Poetry for the ages

Workshop set for the Yukon Beringia Centre

President Joe Biden signs executive orders after speaking about the coronavirus, accompanied by Vice President Kamala Harris in the State Dinning Room of the White House on Jan. 21, in Washington, D.C. The administration announced plans Jan. 20 for a temporary moratorium on oil and gas leasing in Alaska’s Arctic National Wildlife Refuge after the Trump administration issued leases in a part of the refuge considered sacred by the Gwich’in. (Alex Brandon/AP)
U.S. President Joe Biden halts oil and gas lease sales in ANWR

“Its great to have an ally in the White House”


Wyatt’s World for Jan. 22, 2021

Children’s performer Claire Ness poses for a photo for the upcoming annual Pivot Festival. “Claire Ness Morning” will be a kid-friendly performance streamed on the morning of Jan. 30. (Photo courtesy Erik Pinkerton Photography)
Pivot Festival provides ‘delight and light’ to a pandemic January

The festival runs Jan. 20 to 30 with virtual and physically distant events

The Boulevard of Hope was launched by the Yukon T1D Support Network and will be lit up throughout January. It is aimed at raising awareness about Yukoners living with Type 1 diabetes. (Stephanie Waddell/Yukon News)
Boulevard of Hope sheds light on Type 1 diabetes

Organizers hope to make it an annual event

Whitehorse City Hall. (Joel Krahn/Yukon News file)
City hall, briefly

A look at decicions made by Whitehorse city council this week.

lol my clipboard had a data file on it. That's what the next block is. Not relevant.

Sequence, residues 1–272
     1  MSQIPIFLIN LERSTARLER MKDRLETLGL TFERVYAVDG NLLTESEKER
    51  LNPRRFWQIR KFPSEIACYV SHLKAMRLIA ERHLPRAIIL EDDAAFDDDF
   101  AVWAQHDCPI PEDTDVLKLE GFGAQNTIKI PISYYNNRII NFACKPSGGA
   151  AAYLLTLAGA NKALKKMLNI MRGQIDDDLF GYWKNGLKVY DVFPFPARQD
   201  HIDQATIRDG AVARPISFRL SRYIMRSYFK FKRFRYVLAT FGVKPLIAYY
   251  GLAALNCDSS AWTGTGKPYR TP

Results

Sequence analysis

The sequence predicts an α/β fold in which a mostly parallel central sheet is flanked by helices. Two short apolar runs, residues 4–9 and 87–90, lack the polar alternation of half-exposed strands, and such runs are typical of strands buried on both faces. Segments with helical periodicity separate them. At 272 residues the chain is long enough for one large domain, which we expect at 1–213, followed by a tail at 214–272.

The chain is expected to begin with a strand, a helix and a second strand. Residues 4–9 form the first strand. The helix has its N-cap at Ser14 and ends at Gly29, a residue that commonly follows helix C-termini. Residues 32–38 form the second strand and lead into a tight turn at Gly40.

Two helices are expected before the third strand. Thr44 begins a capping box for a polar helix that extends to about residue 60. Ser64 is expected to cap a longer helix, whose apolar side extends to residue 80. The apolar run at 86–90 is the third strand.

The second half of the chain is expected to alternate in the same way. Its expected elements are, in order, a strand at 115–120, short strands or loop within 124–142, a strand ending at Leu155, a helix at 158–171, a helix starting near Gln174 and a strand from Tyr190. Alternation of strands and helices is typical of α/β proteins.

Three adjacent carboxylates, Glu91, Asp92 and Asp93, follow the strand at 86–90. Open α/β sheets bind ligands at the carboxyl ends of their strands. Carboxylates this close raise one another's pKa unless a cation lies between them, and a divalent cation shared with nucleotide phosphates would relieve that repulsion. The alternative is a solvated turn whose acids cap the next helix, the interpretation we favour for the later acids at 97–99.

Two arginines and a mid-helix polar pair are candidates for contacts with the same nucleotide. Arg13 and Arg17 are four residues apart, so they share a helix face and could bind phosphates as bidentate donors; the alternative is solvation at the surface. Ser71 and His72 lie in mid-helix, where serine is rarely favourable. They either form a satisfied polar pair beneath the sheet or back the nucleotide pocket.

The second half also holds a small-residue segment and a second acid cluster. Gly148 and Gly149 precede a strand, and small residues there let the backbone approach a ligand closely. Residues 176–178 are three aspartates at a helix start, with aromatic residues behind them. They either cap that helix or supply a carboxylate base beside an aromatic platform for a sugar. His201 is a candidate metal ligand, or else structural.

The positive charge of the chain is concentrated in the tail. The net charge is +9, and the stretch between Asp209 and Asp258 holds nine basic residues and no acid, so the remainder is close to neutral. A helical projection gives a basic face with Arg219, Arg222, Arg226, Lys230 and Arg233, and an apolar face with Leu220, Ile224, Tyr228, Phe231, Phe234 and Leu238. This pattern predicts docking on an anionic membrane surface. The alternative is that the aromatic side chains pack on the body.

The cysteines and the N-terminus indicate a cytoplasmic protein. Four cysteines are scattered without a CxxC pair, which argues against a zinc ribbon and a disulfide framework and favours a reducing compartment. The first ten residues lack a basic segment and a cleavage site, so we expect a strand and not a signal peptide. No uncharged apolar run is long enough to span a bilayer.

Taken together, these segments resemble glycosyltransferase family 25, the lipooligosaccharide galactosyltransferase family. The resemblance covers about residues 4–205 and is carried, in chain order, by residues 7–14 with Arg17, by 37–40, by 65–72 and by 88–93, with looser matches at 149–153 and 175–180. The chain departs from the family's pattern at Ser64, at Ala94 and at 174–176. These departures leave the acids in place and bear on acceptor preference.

A file photo of grizzly bear along the highway outside Dawson City. Yukon conservation officers euthanized a grizzly bear Jan. 15 that was originally sighted near Braeburn. (Alistair Maitland/Yukon News file)
Male grizzly euthanized near Braeburn

Yukon conservation officers have euthanized a grizzly bear that was originally sighted… Continue reading

Mayor Dan Curtis listens to a councillor on the phone during a city council meeting in Whitehorse on April 14, 2020. Curtis announced Jan. 14 that he intends to seek nomination to be the Yukon Liberal candidate for Whitehorse Centre in the 2021 territorial election. (Crystal Schick/Yukon News)
Whitehorse mayor seeking nomination for territorial election

Whitehorse mayor Dan Curtis is preparing for a run in the upcoming… Continue reading

Gerard Redinger was charged under the <em>Civil Emergency Measures Act</em> with failing to self-isolate and failing to transit through the Yukon in under 24 hours. (Joel Krahn/Yukon News file)
Man ticketed $1,150 at Wolf Creek campground for failing to self-isolate

Gerard Redinger signed a 24-hour transit declaration, ticketed 13 days later

Yukon Energy, Solvest Inc. and Chu Níikwän Development Corporation are calling on the city for a meeting to look at possibilities for separate tax rates or incentives for renewable energy projects. (Crystal Schick/Yukon News file)
Tax changes sought for Whitehorse energy projects

Delegates call for separate property tax category for renewable energy projects

Yukon University has added seven members to its board of governors in recent months. (Crystal Schick/Yukon News file)
New members named to Yukon U’s board of governors

Required number of board members now up to 17

Yukonomist Keith Halliday
Yukonomist: Your Northern regulatory adventure awaits!

“Your Northern adventure awaits!” blared the headline on a recent YESAB assessment… Continue reading

Most Read